On rainy days in fall, there’s nothing better than curling up with a hefty book. Family sagas promise us book lovers a special kind of comfort: a nice, leisurely read that won’t end too soon. So make yourself some hot tea, pull up the comfy chair, and sink into one of these epic, heartfelt tales:
Some Luck, by Jane Smiley
Pulitzer Prize–winning author Jane Smiley returns to the fictional town of Denby, Iowa, to follow the lives of the Langdon family. The first book of a projected trilogy that will span 100 years, Some Luck opens in 1920, as Walter and Rosanna Langdon give birth to their first child and battle to keep their farm going through the Great Depression. Though life is hard, they’re bolstered by their commitment to the land and a time-honored set of values. As their five children—Frank, Joe, Lillian, Henry, and Claire—grow up and for the most part reject farm life, scattering across the country, we see the large-scale changes sweeping across America itself. Whether it’s the nitty-gritty details of plowing a field or the finer points of family relationships, Smiley writes with great empathy and wisdom.
We Are Not Ourselves, by Matthew Thomas
Eileen Tumulty is the only child of alcoholic parents, first-generation Irish immigrants who will never have more than what they have now: grueling blue-collar work and an apartment in Queens. When Eileen’s father pawns her mother’s ring to bet on the horses, her mother warns her, “Don’t ever love anyone…. All you’ll do is break your own heart.” But Eileen is determined not to make her parents’ mistakes. She falls in love with and marries Ed, a neuroscientist, and sets her sights on a home in upscale Westchester County. When Ed has other priorities, preferring pure research over well-paid corporate jobs, it’s just the first in a series of blows to Eileen’s ambition. Over the course of six decades she struggles heroically to lead the life she wants, rather than the life she was given.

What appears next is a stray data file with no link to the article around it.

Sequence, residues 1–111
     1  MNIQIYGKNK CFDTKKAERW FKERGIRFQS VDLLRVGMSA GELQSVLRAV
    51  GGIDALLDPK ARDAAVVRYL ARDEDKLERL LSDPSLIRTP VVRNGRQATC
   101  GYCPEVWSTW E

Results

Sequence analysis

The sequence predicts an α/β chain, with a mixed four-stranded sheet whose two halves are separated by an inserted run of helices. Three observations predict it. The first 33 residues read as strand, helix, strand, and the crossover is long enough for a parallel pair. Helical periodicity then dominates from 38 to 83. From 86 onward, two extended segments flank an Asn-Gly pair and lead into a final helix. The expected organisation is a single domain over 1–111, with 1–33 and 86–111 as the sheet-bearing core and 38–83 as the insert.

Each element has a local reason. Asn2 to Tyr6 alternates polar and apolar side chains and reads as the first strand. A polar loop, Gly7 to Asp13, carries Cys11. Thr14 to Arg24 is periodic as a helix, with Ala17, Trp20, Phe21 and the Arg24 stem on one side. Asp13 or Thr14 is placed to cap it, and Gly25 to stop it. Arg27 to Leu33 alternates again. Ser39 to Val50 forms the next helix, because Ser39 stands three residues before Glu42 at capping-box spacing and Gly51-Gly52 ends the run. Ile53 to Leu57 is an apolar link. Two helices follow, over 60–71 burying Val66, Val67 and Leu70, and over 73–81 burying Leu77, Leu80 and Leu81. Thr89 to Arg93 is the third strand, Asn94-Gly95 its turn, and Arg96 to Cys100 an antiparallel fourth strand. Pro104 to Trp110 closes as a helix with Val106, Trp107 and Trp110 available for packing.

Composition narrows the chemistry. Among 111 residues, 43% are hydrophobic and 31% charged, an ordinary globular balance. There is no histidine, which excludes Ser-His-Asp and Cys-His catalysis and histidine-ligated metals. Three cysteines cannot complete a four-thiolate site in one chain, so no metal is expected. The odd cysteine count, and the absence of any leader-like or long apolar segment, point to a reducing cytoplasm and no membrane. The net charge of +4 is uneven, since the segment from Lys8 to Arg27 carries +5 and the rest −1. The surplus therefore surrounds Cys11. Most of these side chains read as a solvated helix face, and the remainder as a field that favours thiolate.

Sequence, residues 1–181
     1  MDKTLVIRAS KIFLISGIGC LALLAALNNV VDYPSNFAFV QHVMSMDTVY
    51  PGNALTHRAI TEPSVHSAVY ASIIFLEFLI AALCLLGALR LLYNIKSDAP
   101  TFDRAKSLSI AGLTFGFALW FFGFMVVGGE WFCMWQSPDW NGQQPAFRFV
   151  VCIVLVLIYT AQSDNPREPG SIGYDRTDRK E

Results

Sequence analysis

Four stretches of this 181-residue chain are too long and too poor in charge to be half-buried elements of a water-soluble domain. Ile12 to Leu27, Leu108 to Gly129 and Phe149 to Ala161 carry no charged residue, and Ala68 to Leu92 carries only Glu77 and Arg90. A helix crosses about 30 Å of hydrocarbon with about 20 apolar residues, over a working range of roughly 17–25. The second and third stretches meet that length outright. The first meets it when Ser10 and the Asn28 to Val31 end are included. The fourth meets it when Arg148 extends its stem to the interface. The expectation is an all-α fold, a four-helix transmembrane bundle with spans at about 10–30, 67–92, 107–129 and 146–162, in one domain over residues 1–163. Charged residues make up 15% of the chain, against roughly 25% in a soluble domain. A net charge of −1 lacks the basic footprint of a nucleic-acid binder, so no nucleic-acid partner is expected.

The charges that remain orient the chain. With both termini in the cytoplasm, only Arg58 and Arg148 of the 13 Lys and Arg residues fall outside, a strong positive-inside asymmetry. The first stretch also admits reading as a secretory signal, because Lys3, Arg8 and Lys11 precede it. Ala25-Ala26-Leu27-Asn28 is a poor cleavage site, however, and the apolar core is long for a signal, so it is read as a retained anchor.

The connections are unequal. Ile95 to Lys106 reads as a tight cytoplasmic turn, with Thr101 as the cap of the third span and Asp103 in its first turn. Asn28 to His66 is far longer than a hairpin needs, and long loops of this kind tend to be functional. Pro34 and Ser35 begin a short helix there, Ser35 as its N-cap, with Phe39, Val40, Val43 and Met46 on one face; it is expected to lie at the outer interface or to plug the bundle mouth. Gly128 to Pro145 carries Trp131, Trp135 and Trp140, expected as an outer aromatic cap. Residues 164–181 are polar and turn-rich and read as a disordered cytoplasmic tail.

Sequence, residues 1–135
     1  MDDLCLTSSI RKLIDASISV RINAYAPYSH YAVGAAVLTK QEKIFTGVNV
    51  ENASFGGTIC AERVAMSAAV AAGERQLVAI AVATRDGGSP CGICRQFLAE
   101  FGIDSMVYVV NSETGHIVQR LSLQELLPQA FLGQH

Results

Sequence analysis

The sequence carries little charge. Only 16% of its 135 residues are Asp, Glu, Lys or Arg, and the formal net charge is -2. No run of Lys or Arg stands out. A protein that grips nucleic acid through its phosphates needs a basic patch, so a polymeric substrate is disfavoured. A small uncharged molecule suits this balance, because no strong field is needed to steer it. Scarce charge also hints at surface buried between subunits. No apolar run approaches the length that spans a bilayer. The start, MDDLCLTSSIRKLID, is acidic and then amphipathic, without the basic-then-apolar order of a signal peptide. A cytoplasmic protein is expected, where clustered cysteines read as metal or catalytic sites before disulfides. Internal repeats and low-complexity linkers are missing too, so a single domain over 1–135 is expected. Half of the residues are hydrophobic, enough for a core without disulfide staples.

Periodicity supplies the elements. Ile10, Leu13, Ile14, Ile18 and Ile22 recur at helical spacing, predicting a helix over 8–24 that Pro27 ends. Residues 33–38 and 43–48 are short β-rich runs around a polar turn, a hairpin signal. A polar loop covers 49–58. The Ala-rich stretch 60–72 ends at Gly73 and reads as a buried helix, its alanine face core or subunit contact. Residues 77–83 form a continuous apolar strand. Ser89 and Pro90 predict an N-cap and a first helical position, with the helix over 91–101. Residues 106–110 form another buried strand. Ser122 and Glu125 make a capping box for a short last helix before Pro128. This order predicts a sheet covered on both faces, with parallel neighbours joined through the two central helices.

A Sudden Light, by Garth Stein
Part ghost story, part coming-of-age, A Sudden Light centers around a family that made their fortune ravaging the land. Fourteen-year-old Trevor Riddell’s ancestor, Elijah, was a timber baron who oversaw the destruction of huge swaths of forest and, as his legacy, built a mansion overlooking Puget Sound. Trevor’s soon-to-be-divorced parents care little for history: they plan to send his grandfather to a nursing home, sell Riddell House, and divide the profits. But as Trevor soon discovers, Riddell House is a magical place imbued with the spirit of the trees and of his ancestors. If he can face the secrets of his family’s past, he just may be able to save their future.
Nora Webster, by Colm Toibin
Toibin excels at creating prickly, independent female characters, and Nora Webster is one of his most memorable yet. Nora is forty years old and has four children to provide for when her husband dies of an illness. The tight-knit community of Wexford, Ireland, quickly gathers round her, but their well-meaning interference isn’t what she needs. Rather than sympathy, she’d like some no-nonsense advice on how to pay her bills and carry on now that she’s a widow—exactly the sort of thing no one talks about. That Nora is flawed and makes mistakes, especially when handling her grief-stricken sons, only adds to her humanity. In the end, hers is a story of quiet triumph as she slowly and surely rediscovers herself.
What good, long books have you been losing yourself in lately?